Cheers,
    Rod
    "We're paratroopers. We're supposed to be surrounded!" Dick Winters

  9. #9
    VIP Member Array obxned's Avatar
    Join Date
    Jan 2007
    Location
    OBX, NC
    Posts
    2,655
    It sure does cut down on repeat offenses, but innocent people on death row would get murdered by us, the supposed good guys. It's a no-win situation, but life sentences without the possibility of parole may solve both problems.
    "If we loose Freedom here, there's no place to escape to. This is the Last Place on Earth!" Ronald Reagan

  10. #10
    VIP Member Array Cupcake's Avatar
    Join Date
    Mar 2007
    Location
    Michigan
    Posts
    3,164
    This'll probably upset a few, but here goes:

    To me, the deterrent benefit is only a bonus. Sometimes, it's just the most suitable punishment.
    Spend few minutes learning about my journey from Zero to Athlete in this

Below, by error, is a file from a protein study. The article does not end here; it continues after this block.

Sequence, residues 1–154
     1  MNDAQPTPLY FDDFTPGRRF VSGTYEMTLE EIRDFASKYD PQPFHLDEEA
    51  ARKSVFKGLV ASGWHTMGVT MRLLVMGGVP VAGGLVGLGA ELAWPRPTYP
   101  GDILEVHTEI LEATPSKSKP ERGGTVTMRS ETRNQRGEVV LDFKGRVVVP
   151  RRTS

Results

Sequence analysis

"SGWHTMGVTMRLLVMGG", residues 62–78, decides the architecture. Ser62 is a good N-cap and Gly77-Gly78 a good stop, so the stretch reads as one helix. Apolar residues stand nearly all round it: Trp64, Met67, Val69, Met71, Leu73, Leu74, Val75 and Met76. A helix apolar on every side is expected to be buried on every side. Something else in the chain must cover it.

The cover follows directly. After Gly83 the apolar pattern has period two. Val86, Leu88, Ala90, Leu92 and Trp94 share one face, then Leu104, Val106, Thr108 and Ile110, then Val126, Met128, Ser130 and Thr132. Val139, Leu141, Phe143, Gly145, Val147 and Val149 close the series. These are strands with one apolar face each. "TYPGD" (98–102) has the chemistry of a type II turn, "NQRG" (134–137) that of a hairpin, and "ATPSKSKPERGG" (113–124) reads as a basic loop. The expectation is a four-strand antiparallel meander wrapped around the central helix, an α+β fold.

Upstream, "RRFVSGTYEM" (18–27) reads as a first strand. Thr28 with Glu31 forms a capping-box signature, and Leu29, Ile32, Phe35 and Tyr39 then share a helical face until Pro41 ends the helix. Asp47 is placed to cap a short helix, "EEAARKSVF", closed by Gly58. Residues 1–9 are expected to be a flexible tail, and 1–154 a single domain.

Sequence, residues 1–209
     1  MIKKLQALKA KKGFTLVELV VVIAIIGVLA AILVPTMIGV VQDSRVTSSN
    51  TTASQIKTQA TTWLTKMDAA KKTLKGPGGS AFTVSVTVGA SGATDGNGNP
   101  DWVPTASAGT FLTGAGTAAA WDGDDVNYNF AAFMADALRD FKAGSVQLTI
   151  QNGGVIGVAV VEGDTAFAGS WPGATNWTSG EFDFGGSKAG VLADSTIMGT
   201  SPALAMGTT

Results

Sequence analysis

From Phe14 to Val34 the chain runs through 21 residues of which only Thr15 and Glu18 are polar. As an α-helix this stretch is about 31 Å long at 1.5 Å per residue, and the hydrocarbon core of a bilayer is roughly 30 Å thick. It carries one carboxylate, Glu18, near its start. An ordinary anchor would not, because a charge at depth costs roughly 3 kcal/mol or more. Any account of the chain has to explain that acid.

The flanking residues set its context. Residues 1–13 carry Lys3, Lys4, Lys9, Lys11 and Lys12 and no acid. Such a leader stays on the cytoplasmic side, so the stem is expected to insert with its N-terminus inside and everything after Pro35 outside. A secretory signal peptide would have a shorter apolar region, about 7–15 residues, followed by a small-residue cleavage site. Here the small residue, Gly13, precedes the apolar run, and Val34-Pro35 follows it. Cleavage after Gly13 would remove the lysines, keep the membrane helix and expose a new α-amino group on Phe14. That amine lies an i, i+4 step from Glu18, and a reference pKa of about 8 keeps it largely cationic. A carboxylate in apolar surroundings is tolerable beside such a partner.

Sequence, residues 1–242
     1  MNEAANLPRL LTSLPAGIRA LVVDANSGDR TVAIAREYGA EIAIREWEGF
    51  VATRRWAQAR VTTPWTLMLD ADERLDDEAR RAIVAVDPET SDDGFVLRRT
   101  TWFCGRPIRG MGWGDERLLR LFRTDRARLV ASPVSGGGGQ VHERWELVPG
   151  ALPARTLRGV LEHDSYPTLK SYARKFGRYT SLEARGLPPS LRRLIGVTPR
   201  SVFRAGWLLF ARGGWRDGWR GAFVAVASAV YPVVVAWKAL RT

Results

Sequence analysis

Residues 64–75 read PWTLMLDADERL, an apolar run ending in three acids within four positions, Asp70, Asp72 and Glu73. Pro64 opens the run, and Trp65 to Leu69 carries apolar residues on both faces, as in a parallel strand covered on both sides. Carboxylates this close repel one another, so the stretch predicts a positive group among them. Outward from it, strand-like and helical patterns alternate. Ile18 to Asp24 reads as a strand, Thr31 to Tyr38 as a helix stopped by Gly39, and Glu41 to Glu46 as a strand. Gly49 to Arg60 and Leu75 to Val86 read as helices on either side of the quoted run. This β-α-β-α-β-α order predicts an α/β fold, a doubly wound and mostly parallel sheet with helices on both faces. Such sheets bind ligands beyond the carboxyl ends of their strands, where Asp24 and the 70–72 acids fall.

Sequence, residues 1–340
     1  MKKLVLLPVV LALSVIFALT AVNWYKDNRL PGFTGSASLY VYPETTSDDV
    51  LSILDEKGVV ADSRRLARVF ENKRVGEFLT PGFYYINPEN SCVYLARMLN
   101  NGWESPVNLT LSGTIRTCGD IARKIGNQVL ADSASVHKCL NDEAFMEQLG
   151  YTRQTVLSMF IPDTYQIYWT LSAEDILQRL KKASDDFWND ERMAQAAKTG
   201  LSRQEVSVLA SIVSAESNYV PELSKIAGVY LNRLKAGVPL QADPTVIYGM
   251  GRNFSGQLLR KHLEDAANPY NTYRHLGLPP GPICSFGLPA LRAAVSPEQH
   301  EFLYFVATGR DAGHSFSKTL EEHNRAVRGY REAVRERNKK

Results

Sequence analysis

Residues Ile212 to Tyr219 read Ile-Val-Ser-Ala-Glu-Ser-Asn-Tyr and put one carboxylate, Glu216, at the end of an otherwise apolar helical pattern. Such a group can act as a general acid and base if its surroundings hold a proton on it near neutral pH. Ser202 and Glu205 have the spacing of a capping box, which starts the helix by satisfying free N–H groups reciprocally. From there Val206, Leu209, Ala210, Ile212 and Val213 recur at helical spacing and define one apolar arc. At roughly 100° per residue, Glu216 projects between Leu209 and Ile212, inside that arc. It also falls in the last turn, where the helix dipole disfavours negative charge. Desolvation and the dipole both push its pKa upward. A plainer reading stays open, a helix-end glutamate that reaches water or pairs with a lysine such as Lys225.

Then check out my blog! www.BodyByMcDonalds.com

    Cupcake - 100 pound loser, adventurer, Ironman Triathlete.

  11. #11
    Member Array ttpete's Avatar
    Join Date
    May 2006
    Location
    Mich
    Posts
    333
    The recidivism rate is zero.

    NRA Benefactor member
    Michigan Antique Arms Collectors life member
    Ohio Gun Collectors member

    Opinions expressed here are based upon Michigan state law ONLY. Other state laws may differ. Know and observe your local laws.

  12. #12
    VIP Member Array peacefuljeffrey's Avatar
    Join Date
    Oct 2006
    Location
    south Florida
    Posts
    3,168
    Quote Originally Posted by retsupt99 View Post
    My dad told me a million times...and now I understand and agree...

    The death penalty may or may not deter crime...but it sure deters repeat offenders, and we ALL know how often the BG's have looooooong rap sheets...

    One application of 'death penalty' and repeat the offender is cured!